Over-reactions and Toxicity

Recently it was announced that No Man’s Sky (a pretty well followed and highly anticipated title) is going to delay their launch. First of all, I don’t feel like that is all that uncommon of an announcement in the industry. Whether or not that should be the case is a different argument, but with the way game development works today it is not uncommon that either unrealistic goals are set, or something happens, like a late bug discovery etc, which means that a game launch needs to get moved. While personally I would rather a company wait to launch something they are proud of, I do understand that it can be disappointing to fans who then have to wait longer to get their hands on the product.

However, the response that some people had to not only the developers, but in one case even to the reporter who wrote a story on the delay is really frustrating to me.  I am very engrossed in gaming culture, in some ways to a fault. There are definitely people who would call me obsessive about it. However, there is no game, gaming news story, opinion piece, or industry situation that justifies threatening someone’s life in my opinion.

I don’t know if these death threats are really more common on the internet now, or if they are just getting more attention but it seems like a gross over reaction to anything related to the world of gaming and gaming news. Even the Kotaku author who received some of these death threats comments about how this has become “the new normal”, which is something I really wish the gaming community would take steps from the inside to change.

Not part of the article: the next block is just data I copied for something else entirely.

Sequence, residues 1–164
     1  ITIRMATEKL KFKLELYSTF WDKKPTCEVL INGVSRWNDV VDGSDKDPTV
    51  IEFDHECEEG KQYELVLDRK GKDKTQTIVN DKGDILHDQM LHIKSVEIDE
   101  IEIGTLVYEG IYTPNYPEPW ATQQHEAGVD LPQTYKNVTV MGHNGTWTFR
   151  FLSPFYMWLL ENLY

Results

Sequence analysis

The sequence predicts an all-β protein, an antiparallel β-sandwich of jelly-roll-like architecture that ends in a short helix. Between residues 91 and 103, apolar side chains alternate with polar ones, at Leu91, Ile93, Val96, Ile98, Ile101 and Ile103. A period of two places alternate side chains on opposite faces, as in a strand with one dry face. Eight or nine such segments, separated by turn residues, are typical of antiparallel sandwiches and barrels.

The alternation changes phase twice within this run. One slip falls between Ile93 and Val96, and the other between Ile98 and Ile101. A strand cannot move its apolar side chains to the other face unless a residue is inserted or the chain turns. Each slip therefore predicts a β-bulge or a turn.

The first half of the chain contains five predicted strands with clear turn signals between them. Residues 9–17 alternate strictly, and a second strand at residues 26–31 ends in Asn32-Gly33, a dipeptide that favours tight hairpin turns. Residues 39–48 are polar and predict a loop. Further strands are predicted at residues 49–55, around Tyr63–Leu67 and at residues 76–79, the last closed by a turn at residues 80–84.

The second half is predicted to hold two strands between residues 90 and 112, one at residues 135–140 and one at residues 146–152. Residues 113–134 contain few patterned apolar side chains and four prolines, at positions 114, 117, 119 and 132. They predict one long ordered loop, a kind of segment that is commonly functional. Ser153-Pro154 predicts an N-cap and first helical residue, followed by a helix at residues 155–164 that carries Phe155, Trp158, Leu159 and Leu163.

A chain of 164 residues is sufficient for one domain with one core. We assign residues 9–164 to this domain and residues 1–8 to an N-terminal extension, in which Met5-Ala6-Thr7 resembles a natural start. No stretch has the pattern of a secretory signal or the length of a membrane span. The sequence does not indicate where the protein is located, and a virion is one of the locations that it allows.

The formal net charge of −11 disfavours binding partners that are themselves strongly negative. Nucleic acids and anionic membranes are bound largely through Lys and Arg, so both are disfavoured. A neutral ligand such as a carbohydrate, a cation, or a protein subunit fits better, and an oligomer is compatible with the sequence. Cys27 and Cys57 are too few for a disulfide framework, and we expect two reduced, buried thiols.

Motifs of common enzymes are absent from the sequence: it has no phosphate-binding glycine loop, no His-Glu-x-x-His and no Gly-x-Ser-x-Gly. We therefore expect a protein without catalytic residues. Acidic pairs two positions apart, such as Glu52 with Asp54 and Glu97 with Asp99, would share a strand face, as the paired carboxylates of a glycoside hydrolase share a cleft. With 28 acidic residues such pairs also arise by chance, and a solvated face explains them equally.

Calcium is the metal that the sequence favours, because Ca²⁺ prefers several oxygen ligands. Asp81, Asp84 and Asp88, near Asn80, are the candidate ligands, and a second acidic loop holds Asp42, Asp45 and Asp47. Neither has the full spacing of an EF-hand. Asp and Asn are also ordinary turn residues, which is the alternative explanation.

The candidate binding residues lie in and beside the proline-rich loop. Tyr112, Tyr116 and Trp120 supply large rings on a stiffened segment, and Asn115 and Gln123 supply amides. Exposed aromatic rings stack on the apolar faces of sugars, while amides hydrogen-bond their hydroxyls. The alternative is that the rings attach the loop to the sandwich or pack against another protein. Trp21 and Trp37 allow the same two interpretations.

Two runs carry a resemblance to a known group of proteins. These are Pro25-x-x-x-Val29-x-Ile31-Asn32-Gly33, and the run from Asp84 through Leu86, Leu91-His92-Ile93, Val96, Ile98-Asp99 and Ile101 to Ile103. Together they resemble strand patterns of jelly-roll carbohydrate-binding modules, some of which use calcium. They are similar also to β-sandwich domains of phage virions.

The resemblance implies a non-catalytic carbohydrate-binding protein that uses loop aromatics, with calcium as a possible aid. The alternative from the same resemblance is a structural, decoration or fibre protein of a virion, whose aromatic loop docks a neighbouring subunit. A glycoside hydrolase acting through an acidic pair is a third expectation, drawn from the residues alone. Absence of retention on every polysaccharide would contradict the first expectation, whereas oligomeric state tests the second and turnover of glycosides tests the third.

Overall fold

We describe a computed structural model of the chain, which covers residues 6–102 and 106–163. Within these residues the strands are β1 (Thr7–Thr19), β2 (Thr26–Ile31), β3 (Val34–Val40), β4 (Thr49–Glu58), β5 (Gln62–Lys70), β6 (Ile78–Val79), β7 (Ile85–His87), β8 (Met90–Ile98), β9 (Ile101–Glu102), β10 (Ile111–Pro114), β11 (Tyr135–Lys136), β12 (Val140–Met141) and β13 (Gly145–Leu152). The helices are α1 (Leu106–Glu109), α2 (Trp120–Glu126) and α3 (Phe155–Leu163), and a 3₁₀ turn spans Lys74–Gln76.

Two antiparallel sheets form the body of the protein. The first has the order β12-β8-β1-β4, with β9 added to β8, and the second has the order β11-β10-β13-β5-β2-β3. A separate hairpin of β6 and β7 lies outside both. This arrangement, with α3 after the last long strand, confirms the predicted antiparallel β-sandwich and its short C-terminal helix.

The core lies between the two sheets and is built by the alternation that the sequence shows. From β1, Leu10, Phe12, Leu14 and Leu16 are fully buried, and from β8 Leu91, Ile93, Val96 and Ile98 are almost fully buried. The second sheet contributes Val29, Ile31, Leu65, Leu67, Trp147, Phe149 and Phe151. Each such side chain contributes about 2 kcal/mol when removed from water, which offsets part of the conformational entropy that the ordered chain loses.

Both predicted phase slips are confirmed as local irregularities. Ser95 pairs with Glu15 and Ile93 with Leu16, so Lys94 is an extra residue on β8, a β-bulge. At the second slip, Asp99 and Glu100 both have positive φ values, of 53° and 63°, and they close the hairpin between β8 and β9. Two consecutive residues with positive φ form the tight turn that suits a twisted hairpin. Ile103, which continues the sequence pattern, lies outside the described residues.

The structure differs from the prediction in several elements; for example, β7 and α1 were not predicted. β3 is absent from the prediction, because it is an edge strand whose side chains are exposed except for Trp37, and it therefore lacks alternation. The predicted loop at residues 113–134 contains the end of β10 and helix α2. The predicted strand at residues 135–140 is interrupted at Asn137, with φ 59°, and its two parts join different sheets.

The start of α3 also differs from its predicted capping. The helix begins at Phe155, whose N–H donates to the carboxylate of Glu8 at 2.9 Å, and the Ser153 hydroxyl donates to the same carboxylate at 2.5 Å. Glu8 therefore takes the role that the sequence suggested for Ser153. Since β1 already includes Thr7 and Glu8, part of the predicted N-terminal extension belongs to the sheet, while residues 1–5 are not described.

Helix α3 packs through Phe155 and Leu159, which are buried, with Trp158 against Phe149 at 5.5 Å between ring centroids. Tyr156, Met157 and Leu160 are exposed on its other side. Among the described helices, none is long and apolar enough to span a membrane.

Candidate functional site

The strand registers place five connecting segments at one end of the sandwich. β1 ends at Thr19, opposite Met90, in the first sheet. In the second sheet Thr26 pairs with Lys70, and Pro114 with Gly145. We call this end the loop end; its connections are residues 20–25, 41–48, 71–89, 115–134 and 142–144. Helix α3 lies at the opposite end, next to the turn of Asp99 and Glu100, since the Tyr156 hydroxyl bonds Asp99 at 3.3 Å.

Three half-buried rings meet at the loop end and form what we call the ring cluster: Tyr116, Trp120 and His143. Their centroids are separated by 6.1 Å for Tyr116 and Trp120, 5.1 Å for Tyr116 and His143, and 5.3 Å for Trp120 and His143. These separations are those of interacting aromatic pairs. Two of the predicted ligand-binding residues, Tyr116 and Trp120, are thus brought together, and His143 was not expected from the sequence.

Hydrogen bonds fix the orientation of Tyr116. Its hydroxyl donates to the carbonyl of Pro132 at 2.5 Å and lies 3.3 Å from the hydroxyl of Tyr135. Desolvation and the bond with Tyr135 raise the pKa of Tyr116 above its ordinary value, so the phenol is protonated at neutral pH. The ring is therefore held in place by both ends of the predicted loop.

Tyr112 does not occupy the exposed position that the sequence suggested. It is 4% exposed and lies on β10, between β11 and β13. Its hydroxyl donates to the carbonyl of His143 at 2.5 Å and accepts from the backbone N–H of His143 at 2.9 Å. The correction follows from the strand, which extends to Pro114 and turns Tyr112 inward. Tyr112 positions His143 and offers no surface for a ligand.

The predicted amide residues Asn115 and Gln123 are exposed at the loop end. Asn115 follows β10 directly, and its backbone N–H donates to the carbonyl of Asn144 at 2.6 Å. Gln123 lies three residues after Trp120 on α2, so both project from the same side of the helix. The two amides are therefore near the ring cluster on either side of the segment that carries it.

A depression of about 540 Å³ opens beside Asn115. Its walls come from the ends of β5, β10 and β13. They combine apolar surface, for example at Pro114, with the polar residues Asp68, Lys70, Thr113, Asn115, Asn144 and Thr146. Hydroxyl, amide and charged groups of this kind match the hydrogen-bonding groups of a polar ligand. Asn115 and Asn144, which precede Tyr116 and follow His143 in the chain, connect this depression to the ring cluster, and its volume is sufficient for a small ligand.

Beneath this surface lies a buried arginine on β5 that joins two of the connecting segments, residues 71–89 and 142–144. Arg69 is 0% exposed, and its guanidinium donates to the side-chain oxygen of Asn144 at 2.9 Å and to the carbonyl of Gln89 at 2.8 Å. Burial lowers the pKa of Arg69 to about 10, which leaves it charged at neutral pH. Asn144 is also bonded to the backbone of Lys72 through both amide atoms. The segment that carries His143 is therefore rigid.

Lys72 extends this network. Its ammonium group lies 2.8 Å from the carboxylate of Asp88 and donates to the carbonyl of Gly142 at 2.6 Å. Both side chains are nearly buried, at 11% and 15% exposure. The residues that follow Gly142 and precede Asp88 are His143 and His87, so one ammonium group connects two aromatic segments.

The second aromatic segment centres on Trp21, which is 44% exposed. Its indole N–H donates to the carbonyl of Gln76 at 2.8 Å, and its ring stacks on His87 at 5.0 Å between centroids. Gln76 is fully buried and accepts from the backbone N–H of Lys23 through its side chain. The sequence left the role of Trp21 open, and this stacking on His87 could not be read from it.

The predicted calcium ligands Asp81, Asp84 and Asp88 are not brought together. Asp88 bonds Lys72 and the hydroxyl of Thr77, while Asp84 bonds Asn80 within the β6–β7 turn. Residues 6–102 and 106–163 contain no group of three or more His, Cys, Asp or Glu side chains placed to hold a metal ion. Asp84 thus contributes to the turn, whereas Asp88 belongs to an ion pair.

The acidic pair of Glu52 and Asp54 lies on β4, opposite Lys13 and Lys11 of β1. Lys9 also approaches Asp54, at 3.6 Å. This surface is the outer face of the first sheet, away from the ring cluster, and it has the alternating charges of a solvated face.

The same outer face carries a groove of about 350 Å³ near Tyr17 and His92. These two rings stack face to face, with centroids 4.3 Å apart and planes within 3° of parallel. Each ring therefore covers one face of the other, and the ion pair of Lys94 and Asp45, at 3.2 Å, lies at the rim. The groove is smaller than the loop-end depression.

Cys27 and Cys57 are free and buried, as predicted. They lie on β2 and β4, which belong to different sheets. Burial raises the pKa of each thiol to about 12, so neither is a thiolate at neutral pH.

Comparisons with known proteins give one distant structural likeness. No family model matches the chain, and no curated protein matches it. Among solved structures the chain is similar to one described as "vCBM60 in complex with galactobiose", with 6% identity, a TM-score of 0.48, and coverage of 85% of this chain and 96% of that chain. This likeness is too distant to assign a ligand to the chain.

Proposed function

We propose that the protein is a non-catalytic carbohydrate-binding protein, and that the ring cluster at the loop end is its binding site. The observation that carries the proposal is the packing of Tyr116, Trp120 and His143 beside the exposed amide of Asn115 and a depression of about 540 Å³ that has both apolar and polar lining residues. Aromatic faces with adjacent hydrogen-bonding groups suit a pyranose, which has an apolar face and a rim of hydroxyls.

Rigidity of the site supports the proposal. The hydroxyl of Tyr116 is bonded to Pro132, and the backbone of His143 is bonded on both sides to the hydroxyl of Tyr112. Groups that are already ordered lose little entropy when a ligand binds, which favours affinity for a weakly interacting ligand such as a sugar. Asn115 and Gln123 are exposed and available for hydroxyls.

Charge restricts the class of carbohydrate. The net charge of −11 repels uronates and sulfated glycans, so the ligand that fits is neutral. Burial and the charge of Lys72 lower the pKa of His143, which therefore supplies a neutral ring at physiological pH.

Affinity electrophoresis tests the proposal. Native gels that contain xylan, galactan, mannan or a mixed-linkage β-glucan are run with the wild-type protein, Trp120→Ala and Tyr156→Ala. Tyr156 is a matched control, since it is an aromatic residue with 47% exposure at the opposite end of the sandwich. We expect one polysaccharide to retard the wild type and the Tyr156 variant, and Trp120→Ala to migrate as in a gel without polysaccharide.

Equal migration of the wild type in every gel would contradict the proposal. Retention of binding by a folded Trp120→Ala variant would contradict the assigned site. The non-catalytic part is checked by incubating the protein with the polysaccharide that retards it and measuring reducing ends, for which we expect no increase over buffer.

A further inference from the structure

I spend a lot of time both online and in person with members of the gaming community, and I have to say the two versions are really polar opposites. I would love to say that the online community is not as toxic  as the news stories and such make it out to be, but there are definitely many situations that are. I’m not saying that the entire online gaming community is toxic, in fact having played Guild Wars 2 for years I have TONS of stories of amazingly friendly and/or helpful strangers online. However, it is clear that the anonymity provided by the internet does indeed bring out some very toxic and nasty behaviors.

The thing is in person I have never experienced behavior that is anywhere near as toxic as that I see online. I was at PAX during the height of GamerGate, and when there were twitter based death threats that were directed at the show and yet I did not have a single interaction with a person that would ever indicate that type of behavior. No people are not perfect, and not every person you meet at PAX will become a new friend, but in general people at the shows are at least courteous and respectful. In fact, in comparison to some non-gaming gatherings I have attended the general population at a gaming show is actually more friendly and easier to get along with than others.

Is there a way to tone down the toxicity online that gamers have become known for? Maybe. Some game developers (like Riot) have taken steps to try to combat it. In my opinion though it is really going to require the community as a whole to take a stand and change. The question is, will the people who aren’t trolling be heard over those who are?

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